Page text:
You’d be surprised how much scientific research has been focused on hypnosis. According to this article in Penn State News, there have been more than 12,000 scientific articles on the subject! Technology is giving researchers more and more toys to use in their studies, including brain imaging techniques that let them see how brain activity changes under hypnosis. It changes a lot!
People in a hypnotic trance tend to be very relaxed, that kind of delicious relaxation where you’d prefer to enjoy it and not talk or move much. This lethargy is misleading, because it conceals a heightened level of mental activity. With this heightened level of mental ability, more than ever, it’s easy to think, imagine, remember, face previously troublesome issues serenely, connect with all your mental, physical, and emotional resources, make decisions that are right for you, and change.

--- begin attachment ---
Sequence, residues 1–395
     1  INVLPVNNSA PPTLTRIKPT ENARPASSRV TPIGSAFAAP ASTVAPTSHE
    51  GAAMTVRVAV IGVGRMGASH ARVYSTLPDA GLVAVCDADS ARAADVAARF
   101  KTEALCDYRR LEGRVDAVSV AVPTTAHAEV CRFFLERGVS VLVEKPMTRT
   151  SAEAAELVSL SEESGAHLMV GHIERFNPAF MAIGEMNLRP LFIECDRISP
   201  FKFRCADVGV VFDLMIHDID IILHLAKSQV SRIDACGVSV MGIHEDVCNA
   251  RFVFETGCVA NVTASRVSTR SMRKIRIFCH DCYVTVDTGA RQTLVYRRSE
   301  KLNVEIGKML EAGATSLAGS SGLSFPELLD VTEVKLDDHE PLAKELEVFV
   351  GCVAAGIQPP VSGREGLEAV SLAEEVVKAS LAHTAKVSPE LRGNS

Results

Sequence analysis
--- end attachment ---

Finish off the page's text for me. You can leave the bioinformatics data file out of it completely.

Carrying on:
Some of the researchers even admit that their results are gloomier than they should be. Why? For one thing, research often uses whichever student volunteers can be rounded up at the moment, rather than people who are truly motivated to change. Also, for consistency, researchers often use specific, standardized techniques for a fixed number of sessions, rather than tailoring the approach to the individual and continuing until the job is done. And finally, sometimes researchers without much experience or passion for hypnotherapy will do the hypnosis, simply because they’re available.